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We strove, and he was stronger, And I have never wept.
Let him possess thy body,
That bound me to the flesh, Thank God that it is broken, And now I live afresh!
Now I can see thee clearly;
Is rent and blown away:
I saw its bright wings growing, And knew that thou must fly.
Now I can love thee truly,
For nothing comes between The senses and the spirit, The seen and the unseen; Lifts the eternal shadow, The silence bursts apart, And the soul's boundless future Is present in my heart.
WORN and footsore was the Prophet,
"God of all the olden prophets,
"Hear me. guider of my fathers,
Grant thy servant but a sign!"
Bowing then his head, he listened
Not a murmur stirred the air :
And set free my spirit's wings.
"But I looked for signs and wonders,
"Ere I entered on my journey,
The beloved of my heart;
"In her hand she held a flower, Like to this as like may be, Which, beside my very threshold, She had plucked and brought to me." 1842.
But whence came that ray? We call our sorrows Destiny, but ought Rather to name our high successes so. Only the instincts of great soulsare Fate, And have predestined sway: all other things,
Except by leave of us, could never be. For Destiny is but the breath of God Still moving in us, the last fragment left Of our unfallen nature, waking oft Within our thought, to beckon us beyond
The narrow circle of the seen and known,
And always tending to a noble end, As all things must that overrule the soul,
And for a space unseat the helmsman, Will.
The fate of England and of freedom
Seemed wavering in the heart of one plain man:
One step of his, and the great dialhand,
That marks the destined progress of
in the eternal round from wisdom on
And an arm prompt to do the 'hests of both.
His was a brow where gold were out of place,
And yet it seemed right worthy of a
(Though he despised such), were it only made
But, saved or lost, all things are in His hand."
So spake he, and meantime the other stood
With wide gray eyes still reading the blank air,
As if upon the sky's blue wall he saw Some mystic sentence, written by a hand,
Such as of old made pale the Assyrian king,
Girt with his satraps in the blazing feast.
"HAMPDEN! a moment since, my purpose was To fly with thee,
-for I will call it
flight, Nor flatter it with any smoother
With the more potent music of our swords?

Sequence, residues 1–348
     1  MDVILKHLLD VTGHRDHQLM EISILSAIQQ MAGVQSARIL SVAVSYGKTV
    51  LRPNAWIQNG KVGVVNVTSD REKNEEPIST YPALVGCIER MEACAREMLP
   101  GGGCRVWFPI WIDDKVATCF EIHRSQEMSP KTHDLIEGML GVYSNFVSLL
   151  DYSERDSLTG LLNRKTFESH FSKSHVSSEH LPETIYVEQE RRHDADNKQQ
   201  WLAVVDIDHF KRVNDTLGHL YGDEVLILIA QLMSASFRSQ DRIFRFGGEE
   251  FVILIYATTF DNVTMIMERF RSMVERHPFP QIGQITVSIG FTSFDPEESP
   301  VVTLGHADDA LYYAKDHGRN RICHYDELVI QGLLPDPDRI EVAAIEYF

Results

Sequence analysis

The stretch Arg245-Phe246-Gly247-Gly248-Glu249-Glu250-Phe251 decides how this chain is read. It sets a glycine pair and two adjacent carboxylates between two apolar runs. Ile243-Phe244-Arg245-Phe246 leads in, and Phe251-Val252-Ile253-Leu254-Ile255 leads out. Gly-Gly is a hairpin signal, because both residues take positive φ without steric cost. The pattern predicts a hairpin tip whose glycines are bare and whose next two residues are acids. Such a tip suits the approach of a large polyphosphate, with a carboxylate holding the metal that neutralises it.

Think'st thou that score of men beyond the sea
Claim more God's care than all of England here?
No: when he moves His arm, it is to
Whole peoples, heedless if a few be crushed,
As some are ever, when the destiny Of man takes one stride onward nearer home.
Believe it, 't is the mass of men He loves;
And, where there is most sorrow and most want,
Where the high heart of man is trodden down
The most, 't is not because He hides his face
From them in wrath, as purblind teachers prate :
Not so there most is He, for there is He
Most needed. Men who seek for Fate abroad
Are not so near His heart as they who dare
Frankly to face her where she faces them,
On their own threshold, where their souls are strong
To grapple with and throw her; as I
And, for success, I ask no more than this,
To bear unflinching witness to the truth.
All true whole men succeed; for what is worth
Success's name, unless it be the thought,
The inward surety, to have carried out A noble purpose to a noble end, Although it be the gallows or the block? 'Tis only Falsehood that doth ever need
These outward shows of gain to bolster her.
Be it we prove the weaker with our swords;
Truth only needs to be for once spoke out,
And there's such music in her, such strange rhythm,
As makes men's memories her joyous slaves,
And clings around the soul, as the sky clings
Round the mute earth, forever beautiful,
And, if o'erclouded, only to burst forth More all-embracingly divine and clear: Get but the truth once uttered, and 't is
Like fragile bubbles yonder in the stream,
Than in a cycle of New England sloth,
Not their most learned clerks can understand.
New times demand new measures and new men;
The world advances, and in time outgrows
The laws that in our fathers' day were best;
And, doubtless, after us, some purer scheme
Will be shaped out by wiser men than we,
Made wiser by the steady growth of truth.
We cannot bring Utopia by force:
No man is born into the world, whose work
Is not born with him; there is always work,
And tools to work withal, for those who will;
And blessed are the horny hands of toil! The busy world shoves angrily aside The man who stands with arms akimbo set,
Until occasion tells him what to do; And he who waits to have his task marked out
Shall die and leave his errand unfulfilled.
Our time is one that calls for earnest deeds:
Reason and Government, like two
broad seas, Yearn for each other with outstretchëd
Across this narrow isthmus of the throne, And roll their white surf higher every day.
One age moves onward, and the next builds up
Cities and gorgeous palaces, where stood The rude log huts of those who tamed the wild.
Rearing from out the forests they nad felled
The goodly framework of a fairer state: The builder's trowel and the settler's axe Are seldom wielded by the selfsame hand;
Ours is the harder task, yet not the less Shall we receive the blessing for our toil From the choice spirits of the aftertime. My soul is not a palace of the past, Where outworn creeds, like Rome's gray senate, quake,
Hearing afar the Vandal's trumpet hoarse,
That shakes old systems with a thunderfit.
The time is ripe, and rotten-ripe, for change;
Then let it come: I have no dread of what
Is called for by the instinct of mankind; Nor think I that God's world will fall